Based out of Milwaukee, Wisconsin, Thee Prophets included Brian Lake on lead vocals and organ, Jim Anderson on lead guitar, David Leslie on bass and vocals, and Chris Michaels on drums. On a Wisconsin Garage Bands 1960s Facebook page, Brian Lake writes that he formed the band in 1962 and it dissolved in 1972. What more is known about these bandmates seems to be off the radar, at least where the Internet is concerned. Big things were in store for Thee Prophets with a record deal with Kapp in New York City. But in the end their most notable claim to fame was their debut single, “Playgirl.”

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Trouble by Elvis Presley

#916: Trouble by Elvis Presley

Peak Month: September 1958
4 weeks on Vancouver’s Red Robinson chart
Peak Position #5
Peak Position on Billboard Hot 100 ~ did not chart “Trouble
“Trouble” lyrics

Elvis Aaron Presley was born on in a two-room house in Tupelo, Mississippi, on January 8, 1935. His twin brother, Jessie Garon Presley, was stillborn. When he was eleven years old his parents bought him a guitar at the Tupelo Hardware Store. As a result Elvis grew up as an only child. He and his parents, Vernon and Gladys, moved to Memphis, Tennessee, in 1948. The young Presley graduated from high school in 1953. That year he stopped by the Memphis Recording Service to record two songs, including “That’s When Your Heartaches Begin,” song #1065 on this Countdown. Elvis’ musical influences were the pop and country music of the time, the gospel music he heard in church and at the all-night gospel sings he frequently attended, and the black R&B he absorbed on historic Beale Street as a Memphis teenager. In 1954, Elvis began his singing career recording “That’s All Right” and “Blue Moon Of Kentucky” at Sun Records in Memphis.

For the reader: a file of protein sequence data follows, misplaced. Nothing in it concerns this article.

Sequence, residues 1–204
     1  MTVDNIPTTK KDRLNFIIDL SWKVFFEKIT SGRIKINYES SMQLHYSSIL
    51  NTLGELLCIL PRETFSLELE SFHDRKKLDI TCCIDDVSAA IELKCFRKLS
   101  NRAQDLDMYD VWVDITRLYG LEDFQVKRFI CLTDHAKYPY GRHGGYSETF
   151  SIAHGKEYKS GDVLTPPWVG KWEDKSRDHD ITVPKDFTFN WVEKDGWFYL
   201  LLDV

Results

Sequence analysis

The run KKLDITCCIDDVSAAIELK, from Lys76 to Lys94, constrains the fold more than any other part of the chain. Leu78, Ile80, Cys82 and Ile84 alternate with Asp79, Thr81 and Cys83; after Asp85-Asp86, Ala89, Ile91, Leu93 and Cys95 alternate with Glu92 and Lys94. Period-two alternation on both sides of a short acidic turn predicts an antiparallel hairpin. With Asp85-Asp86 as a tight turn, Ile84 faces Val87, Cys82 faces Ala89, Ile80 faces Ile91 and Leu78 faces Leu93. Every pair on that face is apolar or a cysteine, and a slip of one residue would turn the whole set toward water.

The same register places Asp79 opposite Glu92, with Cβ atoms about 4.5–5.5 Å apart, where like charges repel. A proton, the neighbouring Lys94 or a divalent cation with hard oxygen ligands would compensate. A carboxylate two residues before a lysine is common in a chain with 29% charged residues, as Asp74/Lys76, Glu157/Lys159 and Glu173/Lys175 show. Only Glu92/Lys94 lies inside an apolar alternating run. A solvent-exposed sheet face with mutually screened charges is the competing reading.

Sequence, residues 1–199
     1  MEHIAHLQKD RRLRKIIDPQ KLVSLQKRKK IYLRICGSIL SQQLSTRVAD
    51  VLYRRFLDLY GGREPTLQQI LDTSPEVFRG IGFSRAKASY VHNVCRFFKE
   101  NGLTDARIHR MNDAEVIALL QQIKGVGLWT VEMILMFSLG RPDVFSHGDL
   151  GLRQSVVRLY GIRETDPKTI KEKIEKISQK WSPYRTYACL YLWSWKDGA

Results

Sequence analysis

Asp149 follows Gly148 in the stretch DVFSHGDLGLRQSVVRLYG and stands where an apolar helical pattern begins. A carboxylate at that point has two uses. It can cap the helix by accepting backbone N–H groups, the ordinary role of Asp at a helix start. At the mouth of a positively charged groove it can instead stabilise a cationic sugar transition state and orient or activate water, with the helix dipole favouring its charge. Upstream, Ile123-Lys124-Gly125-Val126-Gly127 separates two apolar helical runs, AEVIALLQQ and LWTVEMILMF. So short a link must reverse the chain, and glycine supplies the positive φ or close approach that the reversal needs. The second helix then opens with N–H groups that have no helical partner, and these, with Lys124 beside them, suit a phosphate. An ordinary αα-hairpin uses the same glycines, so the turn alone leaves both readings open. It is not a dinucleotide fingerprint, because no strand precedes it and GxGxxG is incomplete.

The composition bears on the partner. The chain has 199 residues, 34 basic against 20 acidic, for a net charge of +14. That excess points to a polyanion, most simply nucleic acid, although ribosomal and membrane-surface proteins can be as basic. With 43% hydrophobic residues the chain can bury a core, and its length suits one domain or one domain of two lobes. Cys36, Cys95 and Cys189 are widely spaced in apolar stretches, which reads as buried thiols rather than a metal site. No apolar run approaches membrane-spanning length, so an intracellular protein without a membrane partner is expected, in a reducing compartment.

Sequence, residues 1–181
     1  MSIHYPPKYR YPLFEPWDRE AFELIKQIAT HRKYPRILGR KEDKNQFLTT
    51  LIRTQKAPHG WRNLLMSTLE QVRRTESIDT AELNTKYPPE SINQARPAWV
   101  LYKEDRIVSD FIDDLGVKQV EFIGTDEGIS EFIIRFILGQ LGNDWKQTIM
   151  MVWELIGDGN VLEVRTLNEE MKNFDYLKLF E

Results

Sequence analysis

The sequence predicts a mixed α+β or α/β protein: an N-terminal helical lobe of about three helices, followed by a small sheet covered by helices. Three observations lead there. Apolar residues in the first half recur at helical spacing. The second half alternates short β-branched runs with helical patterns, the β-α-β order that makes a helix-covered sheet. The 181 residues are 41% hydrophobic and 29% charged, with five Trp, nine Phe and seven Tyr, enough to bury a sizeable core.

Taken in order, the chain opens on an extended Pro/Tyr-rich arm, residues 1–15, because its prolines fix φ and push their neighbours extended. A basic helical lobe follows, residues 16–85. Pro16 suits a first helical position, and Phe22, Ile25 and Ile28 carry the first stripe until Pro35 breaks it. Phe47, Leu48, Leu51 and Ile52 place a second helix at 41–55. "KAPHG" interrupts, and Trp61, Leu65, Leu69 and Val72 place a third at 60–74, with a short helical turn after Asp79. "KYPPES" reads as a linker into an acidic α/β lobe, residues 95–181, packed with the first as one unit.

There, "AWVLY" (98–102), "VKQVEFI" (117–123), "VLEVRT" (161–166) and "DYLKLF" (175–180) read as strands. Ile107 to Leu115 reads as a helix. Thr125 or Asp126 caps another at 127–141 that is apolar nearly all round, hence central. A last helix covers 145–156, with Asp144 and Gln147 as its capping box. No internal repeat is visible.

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Apple Green by June Valli

#917: Apple Green by June Valli

Peak Month: May 1960
9 weeks on Vancouver’s CFUN chart
Peak Position #5
Peak Position on Billboard Hot 100 ~ #29 “Apple Green
“Apple Green” lyrics

In 1928 June Foglia was born in the Bronx, New York. Both her parents spoke Italian. Her dad, from Naples, Italy, worked as a plasterer during the day and was a part-time street singer. He taught her to sing and they listened to opera together all the time. June could hit double high Cs and go way down below an F and still be clear. She worked as a bookkeeper after her high school graduation. June was very shy and “discovered” quite by accident. In late 1950, June’s mother couldn’t attend a friend’s wedding, so June went to represent the family. The big Italian wedding was held on the second floor of a rented hall on Fordham Road, just off Arthur Avenue. After the ceremony, someone invited June up to the microphone. Although she was terrified, never having sung in public before, June managed to get through a couple choruses of the one song she knew well enough, “Stormy Weather.” Well, that “Stormy Weather” brought a lightning strike. Sid Gilbert, uncle of comedian Abe Burrows, was at the same wedding and was so impressed with June’s singing he arranged an audition for Arthur Godfrey’s Talent Scouts T.V. show where she won. She subsequently appeared on Perry Como’s and Ed Sullivan’s TV shows.

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Greatest Moments In A Girls Life by The Tokens

#918: Greatest Moments In A Girls Life by The Tokens

Peak Month: August 1966
7 weeks on Vancouver’s CFUN chart
Peak Position #6
Peak Position on Billboard Hot 100 ~ did not chart “Greatest Moments In A Girls Life
“Greatest Moments In A Girls Life” lyrics